With the exception of the horse-drawn tram, all of the tramcars at the Museum of Transport have been removed. We’ve been busy with the locomotives, too. Only the Gordon Highlander remains in the museum.

Canvas protection is drawn over the Bailie Burt tramcar No 1089 in preparation for its move to Riverside. In the background, the Gordon Highlander locomotive, the last big object remaining in the Museum of Transport.

And while Allelys’ specialists and Riverside staff have been working on removing the large objects, Glasgow Museums decant technicians have been preparing objects such as ship models, bicycles, prams and motorbikes for transportation to the stores at GMRC. We’ve also prepared a selection of objects for removal to Riverside, where they’ll go on public display when the museum opens in spring 2011.  

The biggest move we’ve made recently has been the South African Railways locomotive 3007 – featured on this blog and in the press. I was lucky enough to courier both the engine and the tender – a-once-in-a-lifetime opportunity for me. SAR loco 3007’s arrival at Riverside was a momentous occasion for the project, and to have ridden in the cab hauling both the engine and the tender was a great privilege!

Now that the majority of the large objects have been installed at Riverside, we’ll start to see some of the smaller vehicles and objects moving to their new Clydeside home.

Your favourite objects like you’ve never seen them before

leave a comment »

The slowly emptying Museum of Transport is now looking very different compared to the way it did in April when it closed its doors to the public. Many of our visitors’ favourite objects are now sitting protected, wrapped and waiting their turn to move out to their new home. How many of your favourites can you spot in the slideshow below?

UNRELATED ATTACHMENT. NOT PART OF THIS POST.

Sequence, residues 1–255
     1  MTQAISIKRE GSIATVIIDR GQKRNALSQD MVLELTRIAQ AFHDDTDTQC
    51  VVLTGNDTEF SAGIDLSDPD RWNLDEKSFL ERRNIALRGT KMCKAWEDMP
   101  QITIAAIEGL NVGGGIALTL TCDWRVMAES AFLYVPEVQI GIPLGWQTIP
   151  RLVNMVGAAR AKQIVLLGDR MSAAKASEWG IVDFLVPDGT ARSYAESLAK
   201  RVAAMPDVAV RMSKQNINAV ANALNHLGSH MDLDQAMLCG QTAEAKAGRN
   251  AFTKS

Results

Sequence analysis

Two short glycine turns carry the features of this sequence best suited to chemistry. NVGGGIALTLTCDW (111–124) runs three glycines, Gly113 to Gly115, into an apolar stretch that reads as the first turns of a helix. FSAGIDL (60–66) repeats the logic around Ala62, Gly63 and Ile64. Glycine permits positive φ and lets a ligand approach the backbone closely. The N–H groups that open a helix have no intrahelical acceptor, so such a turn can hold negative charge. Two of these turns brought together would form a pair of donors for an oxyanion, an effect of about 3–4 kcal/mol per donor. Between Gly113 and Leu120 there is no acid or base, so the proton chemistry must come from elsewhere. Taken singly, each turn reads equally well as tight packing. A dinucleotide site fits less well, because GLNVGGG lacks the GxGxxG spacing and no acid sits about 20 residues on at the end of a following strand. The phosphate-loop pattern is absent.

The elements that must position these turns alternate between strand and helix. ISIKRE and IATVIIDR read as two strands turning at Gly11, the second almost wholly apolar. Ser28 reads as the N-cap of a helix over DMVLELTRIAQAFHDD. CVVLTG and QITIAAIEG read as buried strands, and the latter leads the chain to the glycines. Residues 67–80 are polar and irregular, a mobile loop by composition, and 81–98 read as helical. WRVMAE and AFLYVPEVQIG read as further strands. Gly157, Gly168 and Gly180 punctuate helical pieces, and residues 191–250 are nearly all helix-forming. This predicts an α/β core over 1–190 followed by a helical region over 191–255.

This slideshow requires JavaScript.

Teamwork Caught on Camera

with 3 comments

This slideshow requires JavaScript.

Preparing a museum and its objects for a big move takes a lot of hard graft and teamwork. This slideshow shows a selection of the people involved in the preparations for the new museum caught on camera. More to come…!

Update from the Riverside decant team

leave a comment »

The Kelvin Street cinema, now a store for conserved bicycles waiting to be installed at Riverside.

At this moment in time, the Decant team are packing the remaining objects in the upstairs gallery space at the Museum of Transport. After careful packing, these objects – mostly bikes, buggies and ship models – will be transported to either our GMRC stores in Nitshill or to the Riverside Museum for display.

The bicycles bound for Riverside have been packed and are ready to be transported – the photo above shows some of them waiting for uplift in the old Kelvin Street cinema!

Next we’ll pack the half-hull ship models and prams before they too are transported to GMRC and Riverside.

We’ve also been clearing out one of MOT’s stores so that the project’s contracted mount-makers can start producing some of the large mounts for displaying Riverside objects. Today we packed a painting called Lost by Charles Napier Henry prior to its move to GMRC, as well as a chemist’s display case bound for our Maryhill stores.

Written by lisadecant

September 2, 2010 at 3:01 pm